Pro-abortion lawmakers in New Jersey pushed forward with a radical bill Thursday that establishes a so-called “right” to abort an unborn baby and forces health insurance plans to cover elective abortions.
NJ Advance Media described the bill as “hastily drafted” and the votes in both committees as happening “late” Thursday after negotiations with Gov. Phil Murphy, a pro-abortion Democrat. The legislation now moves to the full legislative bodies for a final vote.
Speaking before the vote, Marie Tasy, executive director of New Jersey Right to Life, asked the state Assembly Appropriations Committee why lawmakers want to expand abortions when New Jersey already has the highest abortion rate in the U.S., according to the report.
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“Why do we want to have more?” Tasy asked, pointing to the nearly 50,000 abortions that occur in the state every year. This is a “really radical bill,” she said.
The legislation would “codify” the so-called right to abort an unborn baby for basically any reason in New Jersey. It also would give the Murphy administration authority to force state health insurance plans to cover elective abortions without cost to the patient, the local news reports.
According to New Jersey Right to Life, the original bill would invalidate all current and future laws that restrict abortions and allow nurse practitioners and midwives to abort unborn babies. The pro-life organization warned that the legislation also would get rid of the 1974 state conscience clause that protects pro-life medical workers from being forced to help abort unborn babies.
New Jersey Right to Life pointed to a recent USA Today editorial by the governor and Lt. Gov. Sheila Oliver in which they admit the bill “expressly allows late term abortions” and keeps parents from being informed if their underage daughter has an abortion.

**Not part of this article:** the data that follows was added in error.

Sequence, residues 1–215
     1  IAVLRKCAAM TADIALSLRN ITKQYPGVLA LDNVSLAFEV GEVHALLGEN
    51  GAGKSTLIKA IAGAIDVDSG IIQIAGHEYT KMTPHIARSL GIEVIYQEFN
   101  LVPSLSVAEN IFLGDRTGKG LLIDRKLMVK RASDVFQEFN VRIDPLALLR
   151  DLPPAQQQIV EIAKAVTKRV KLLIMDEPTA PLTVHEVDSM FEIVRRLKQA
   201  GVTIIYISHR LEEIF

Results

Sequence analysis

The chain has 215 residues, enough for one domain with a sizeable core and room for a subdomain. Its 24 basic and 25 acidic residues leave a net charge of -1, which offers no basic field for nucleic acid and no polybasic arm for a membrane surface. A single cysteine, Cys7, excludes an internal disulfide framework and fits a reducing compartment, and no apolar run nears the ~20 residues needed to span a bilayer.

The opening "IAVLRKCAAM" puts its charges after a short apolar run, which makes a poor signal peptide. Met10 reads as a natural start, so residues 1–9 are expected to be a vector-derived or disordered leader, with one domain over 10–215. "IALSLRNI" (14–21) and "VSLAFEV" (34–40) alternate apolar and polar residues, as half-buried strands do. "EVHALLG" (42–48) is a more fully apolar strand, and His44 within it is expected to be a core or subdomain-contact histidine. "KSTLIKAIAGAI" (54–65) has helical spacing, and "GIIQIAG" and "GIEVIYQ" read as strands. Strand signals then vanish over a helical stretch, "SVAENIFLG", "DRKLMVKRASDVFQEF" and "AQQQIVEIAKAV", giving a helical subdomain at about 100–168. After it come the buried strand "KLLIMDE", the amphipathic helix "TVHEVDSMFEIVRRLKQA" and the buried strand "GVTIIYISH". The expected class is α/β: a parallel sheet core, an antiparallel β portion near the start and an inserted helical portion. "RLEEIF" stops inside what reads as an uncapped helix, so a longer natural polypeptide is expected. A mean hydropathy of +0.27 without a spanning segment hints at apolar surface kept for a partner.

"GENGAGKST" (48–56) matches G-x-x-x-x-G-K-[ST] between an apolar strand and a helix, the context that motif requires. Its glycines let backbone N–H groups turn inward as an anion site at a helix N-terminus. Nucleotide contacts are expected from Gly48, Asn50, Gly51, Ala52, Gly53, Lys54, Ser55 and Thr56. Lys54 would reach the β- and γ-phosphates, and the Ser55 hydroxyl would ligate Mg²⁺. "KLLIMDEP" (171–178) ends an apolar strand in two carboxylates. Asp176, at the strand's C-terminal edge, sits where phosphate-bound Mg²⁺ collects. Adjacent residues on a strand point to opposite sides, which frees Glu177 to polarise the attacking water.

“They don’t care that the people of NJ don’t support such an extreme edict!” the pro-life organization responded.
According to NJ Advance Media, several Republicans tried to amend the bill Thursday in committee to include parental consent for minors but Democrats blocked the action.
However, even a few Democrats expressed hesitancy about supporting the radical pro-abortion legislation.
Here’s more from the report:
There is some suspense around what will happen at the voting sessions Monday. Some lawmakers who voted yes to release the bill from committee said they didn’t know if they could support it in the final vote.
“I am very torn with this topic,” Assemblywoman Gabriela Mosquera, D-Gloucester, said. “I believe in a woman’s life to choose. And I choose life. I am Democrat, and I believe life starts at conception. But it is not about what I believe in.”
State Senate Majority Leader Loretta Weinberg, D-Bergen, the lead sponsor of the bill, portrayed it as a matter of women’s health care.
“There was a lot of give and take on this issue in the last week,” Weinberg said. “But there was never a question that we were not going to protect all the rights that women have today to make their own reproductive choices.”
New Jersey already has the highest abortion rate in the country and some of the most permissive pro-abortion laws.
Through a new coalition, Working Together for NJ, pro-lifers in the state have been working hard to stop the radical pro-abortion expansion, warning that it could lead to more human trafficking as well as more abortions.
It’s “a human trafficker’s best friend. Sex slaves get pregnant. Human traffickers have to pay for the abortions as a result. But this legislation will require all New Jersey taxpayers to pay for the abortions of sex trafficking victims,” said the Rev. Gregory Quinlan of Center for Garden State Families, last year.
Polls consistently show that most Americans oppose late-term abortions and taxpayer-funded abortions. A 2020 Gallup poll found that 55 percent of Americans think all or almost all abortions should be illegal, while just 29 percent think abortions should be legal under any circumstances.
ACTION ALERT: Contact New Jersey state lawmakers and urge them to oppose this pro-abortion legislation.